Igloo Hotel Davos (Part 2) - snow sculpture

In the last post, I think I gave a good overview of how the Igloo Hotel was made and how I started to learn to work in this new environment. This being my first year I was a bit apprehensive about the work and the responsibility Martijn and I had to make this into an interesting experience for the guests.

Martijn had told me that the standard up to this point was pretty poor and that he had chosen me to help turn it into something quite special and artistic. I was honoured and scared. Unfortunately, there was some sort of sponsorship deal with the movie Ice Age and so we had to create some sculptures to promote the movie but in every area we could, we tried to add our own sense of flair.

The pain, oh the pain!

For me, dealing with my sciatica was a big issue but I tried not to let it stand in the way of me trying to put my stamp on my rooms.

I hate to keep on harping on about my sciatica but I was really in a bad way and fighting the pain was really draining me of energy. and the high altitude was not making it any better.
In the morning on our long walks downhill from the ski lift station to the igloos, every footstep sent sharp pains down my leg. This journey usually involved lots of crawling, it drained my energy levels to 50% and I still had 12 hours to go of physical work. Something had to be done.

Travelling in style

After a few days, I found a child's plastic sledge in one of the storerooms and figured I would see if that could make the journey any easier. The next morning I walked to the ski slope and tried to slide down the mountain. I had never used one of these before and know that they are not so for ski slopes but I picked an area of slope that was not too steep. It worked pretty well and I survived but still had a bit of walking to do to reach the igloos. I set myself the mission of trying to find the perfect starting point higher up on the slope that would give me the speed and line to go all the way. It was an exhilarating start the day. Finally, I discovered that if I went to the highest point on the slope it gave me the best option. Travelling at around 56km an hour without control, on a thin piece of plastic I was brought to within 10 meters of the igloo. Quite scary but painless and if anything a nice massage on my arse and back.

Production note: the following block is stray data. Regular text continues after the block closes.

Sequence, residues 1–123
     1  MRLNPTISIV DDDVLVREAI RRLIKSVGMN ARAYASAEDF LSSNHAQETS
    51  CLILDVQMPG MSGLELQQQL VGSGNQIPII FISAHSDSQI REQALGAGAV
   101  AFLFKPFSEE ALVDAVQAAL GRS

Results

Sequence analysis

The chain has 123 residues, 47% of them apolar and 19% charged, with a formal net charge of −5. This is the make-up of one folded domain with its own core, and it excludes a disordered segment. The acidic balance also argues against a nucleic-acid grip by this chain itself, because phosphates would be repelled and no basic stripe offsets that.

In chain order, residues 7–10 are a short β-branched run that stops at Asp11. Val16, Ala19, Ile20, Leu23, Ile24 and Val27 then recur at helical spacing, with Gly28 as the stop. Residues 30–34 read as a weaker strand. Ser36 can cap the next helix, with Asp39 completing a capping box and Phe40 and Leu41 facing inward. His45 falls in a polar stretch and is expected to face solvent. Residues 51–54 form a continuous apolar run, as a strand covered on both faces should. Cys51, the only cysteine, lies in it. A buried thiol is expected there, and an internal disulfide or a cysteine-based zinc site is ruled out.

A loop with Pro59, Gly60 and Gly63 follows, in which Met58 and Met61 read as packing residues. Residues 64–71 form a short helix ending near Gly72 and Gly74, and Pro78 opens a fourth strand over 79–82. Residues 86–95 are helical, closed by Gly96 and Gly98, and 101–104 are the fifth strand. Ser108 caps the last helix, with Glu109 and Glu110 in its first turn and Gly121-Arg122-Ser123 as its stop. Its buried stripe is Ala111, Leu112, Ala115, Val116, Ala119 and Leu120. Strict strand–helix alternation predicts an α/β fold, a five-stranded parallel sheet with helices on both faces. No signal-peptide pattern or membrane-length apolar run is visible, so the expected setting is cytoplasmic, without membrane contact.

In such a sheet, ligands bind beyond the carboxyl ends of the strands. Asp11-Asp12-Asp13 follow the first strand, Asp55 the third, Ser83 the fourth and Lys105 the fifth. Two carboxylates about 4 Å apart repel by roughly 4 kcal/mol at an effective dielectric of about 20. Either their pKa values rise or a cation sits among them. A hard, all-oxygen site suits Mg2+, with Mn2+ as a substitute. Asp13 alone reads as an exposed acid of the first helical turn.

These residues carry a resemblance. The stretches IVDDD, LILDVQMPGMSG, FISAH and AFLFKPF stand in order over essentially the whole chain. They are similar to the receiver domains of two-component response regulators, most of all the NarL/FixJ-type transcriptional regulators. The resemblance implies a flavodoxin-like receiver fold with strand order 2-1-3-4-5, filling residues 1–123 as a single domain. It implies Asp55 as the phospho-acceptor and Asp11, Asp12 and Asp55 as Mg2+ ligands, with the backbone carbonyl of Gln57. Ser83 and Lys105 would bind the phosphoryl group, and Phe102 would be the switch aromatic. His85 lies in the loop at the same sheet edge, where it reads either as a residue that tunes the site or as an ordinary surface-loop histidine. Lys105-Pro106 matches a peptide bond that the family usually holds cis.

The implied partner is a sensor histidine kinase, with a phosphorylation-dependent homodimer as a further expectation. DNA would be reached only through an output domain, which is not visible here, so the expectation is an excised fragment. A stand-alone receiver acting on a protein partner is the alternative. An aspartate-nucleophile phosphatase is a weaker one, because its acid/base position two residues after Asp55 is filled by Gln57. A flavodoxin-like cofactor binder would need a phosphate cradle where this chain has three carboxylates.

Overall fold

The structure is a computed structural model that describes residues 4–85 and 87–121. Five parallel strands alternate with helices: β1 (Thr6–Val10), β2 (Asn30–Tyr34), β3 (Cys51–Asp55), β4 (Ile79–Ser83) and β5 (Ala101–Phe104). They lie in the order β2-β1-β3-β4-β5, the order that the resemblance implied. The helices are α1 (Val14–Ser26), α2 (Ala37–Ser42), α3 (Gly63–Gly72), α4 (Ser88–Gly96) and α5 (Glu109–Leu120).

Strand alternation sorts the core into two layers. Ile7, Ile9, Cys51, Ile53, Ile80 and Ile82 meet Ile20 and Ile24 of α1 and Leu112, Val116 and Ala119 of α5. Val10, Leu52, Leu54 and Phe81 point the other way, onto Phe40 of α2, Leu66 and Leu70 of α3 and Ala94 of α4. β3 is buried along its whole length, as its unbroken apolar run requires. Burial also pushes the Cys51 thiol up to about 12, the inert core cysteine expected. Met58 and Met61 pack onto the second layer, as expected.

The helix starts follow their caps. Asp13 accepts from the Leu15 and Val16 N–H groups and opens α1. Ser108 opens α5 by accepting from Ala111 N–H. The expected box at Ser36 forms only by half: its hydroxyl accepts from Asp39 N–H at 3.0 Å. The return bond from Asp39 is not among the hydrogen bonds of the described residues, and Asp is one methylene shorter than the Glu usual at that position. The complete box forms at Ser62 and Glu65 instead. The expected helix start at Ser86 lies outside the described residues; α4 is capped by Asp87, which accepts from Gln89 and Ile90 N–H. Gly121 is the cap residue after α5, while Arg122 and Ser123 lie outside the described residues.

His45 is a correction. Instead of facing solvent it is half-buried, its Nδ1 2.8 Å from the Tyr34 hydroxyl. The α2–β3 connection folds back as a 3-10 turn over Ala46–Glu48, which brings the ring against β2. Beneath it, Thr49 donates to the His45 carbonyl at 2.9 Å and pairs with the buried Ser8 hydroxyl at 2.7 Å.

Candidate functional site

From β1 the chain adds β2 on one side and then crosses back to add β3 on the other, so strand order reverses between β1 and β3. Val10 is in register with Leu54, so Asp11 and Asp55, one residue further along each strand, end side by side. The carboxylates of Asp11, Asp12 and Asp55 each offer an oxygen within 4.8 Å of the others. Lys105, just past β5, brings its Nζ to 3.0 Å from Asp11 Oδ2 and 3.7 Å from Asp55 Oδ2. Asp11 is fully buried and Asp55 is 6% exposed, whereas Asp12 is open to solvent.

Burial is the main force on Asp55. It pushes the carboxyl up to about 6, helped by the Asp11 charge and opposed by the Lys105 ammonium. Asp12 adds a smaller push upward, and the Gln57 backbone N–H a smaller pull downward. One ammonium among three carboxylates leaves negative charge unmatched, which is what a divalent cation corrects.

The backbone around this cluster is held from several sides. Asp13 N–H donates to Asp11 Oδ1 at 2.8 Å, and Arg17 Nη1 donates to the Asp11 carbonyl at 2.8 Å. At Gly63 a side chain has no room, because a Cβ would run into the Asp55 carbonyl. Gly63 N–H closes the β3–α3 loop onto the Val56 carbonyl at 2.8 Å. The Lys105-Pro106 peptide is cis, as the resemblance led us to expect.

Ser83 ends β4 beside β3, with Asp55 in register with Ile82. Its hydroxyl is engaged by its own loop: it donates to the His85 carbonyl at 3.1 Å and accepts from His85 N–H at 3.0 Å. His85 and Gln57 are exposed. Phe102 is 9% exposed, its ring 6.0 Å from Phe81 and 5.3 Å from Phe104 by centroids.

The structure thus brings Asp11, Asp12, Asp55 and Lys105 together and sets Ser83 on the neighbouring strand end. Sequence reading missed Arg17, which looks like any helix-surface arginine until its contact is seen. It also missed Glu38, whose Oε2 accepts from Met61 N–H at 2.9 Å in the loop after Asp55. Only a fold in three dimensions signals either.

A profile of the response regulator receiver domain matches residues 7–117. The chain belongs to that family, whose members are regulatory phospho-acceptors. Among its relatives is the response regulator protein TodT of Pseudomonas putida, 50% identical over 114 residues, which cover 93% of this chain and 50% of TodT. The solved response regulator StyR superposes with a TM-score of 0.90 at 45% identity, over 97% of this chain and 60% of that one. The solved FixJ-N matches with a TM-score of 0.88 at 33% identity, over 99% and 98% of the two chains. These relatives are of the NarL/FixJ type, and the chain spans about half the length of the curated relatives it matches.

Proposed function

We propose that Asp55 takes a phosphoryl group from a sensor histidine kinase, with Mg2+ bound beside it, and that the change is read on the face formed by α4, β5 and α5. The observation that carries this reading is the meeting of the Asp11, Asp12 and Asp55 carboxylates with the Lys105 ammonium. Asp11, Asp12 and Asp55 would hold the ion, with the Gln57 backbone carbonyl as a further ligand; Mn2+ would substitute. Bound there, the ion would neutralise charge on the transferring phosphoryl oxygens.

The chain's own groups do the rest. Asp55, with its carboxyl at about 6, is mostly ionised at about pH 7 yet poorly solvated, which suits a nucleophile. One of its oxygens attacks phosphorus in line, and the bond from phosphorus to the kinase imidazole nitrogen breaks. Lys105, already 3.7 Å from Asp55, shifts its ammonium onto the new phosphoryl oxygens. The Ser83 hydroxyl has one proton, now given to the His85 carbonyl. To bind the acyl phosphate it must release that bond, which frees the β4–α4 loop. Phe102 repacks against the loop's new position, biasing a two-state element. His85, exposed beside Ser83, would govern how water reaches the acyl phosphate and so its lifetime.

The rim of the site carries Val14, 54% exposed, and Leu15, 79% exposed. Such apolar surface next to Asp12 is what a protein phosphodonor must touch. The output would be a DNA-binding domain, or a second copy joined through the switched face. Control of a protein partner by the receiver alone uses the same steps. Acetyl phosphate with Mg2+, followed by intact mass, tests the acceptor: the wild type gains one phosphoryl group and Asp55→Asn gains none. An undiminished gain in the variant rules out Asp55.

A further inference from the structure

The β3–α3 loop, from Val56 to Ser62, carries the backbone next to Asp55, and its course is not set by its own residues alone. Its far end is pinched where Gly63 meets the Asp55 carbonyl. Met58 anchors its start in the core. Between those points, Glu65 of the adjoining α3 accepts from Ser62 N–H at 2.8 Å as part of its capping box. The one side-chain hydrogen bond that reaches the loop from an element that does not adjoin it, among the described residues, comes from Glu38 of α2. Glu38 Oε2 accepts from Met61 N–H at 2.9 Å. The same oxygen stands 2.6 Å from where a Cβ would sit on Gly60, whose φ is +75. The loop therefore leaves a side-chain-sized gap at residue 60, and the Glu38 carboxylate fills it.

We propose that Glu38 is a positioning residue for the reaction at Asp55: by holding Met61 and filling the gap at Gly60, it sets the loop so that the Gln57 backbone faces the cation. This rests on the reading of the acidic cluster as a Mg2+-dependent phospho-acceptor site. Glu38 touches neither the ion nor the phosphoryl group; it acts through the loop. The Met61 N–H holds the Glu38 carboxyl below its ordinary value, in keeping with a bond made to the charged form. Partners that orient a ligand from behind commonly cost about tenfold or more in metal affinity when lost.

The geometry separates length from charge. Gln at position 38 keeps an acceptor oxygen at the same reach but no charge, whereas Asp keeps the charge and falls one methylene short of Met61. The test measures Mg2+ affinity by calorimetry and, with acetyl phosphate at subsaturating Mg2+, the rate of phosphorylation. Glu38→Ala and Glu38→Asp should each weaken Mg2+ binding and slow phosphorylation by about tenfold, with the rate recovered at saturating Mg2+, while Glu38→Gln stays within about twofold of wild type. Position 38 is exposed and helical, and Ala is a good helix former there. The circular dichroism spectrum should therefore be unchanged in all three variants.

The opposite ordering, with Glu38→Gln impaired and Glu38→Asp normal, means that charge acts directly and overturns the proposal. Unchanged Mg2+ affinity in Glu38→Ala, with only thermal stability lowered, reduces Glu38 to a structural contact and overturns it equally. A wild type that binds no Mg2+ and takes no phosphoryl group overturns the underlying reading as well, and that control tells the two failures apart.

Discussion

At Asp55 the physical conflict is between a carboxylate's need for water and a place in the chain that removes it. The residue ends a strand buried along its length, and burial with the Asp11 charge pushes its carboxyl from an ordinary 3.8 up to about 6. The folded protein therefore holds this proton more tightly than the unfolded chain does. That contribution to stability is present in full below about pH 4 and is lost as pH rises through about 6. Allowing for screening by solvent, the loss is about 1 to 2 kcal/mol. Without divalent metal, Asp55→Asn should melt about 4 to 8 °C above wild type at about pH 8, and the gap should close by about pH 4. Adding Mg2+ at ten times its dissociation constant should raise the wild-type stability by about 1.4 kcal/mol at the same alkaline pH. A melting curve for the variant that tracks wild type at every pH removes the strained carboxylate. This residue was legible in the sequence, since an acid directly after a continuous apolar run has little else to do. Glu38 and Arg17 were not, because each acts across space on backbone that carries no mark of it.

The structure of the igloos was really awe-inspiring. It was like being in a big cave of snow with no decerning features. I always felt lost and would walk for ages trying to find my way out also the sound was deafeningly quiet but slowly and surely be started to make landmarks to steer by. The bar was the first room and then we split up to tackle the bedrooms. We each had one day per room. My process was to rough one room out in the morning and then finish the previous days one in the afternoon and into the evening, This way I could use the best of my mental and physical energies. I will apologise here for the image quality of the photographs of the sculptures. Snow is hard to photography and I had to run for the airport the last morning before I had time to make a better shoot.

Let there be light but just a little

It is quite dark in the igloos, you might get a small bit of blue sunlight leaking through the snow during the day but we always had to rely on crappy work lights to do our work and with these, they were too bright, burning out any shadows on the snow so it was difficult to get the best light to carve by. These halogen lamps were also quite warm and if they shun to close to the wall it would melt away the snow in this wonderful texture that I've never seen before. It looked like polar bear fur.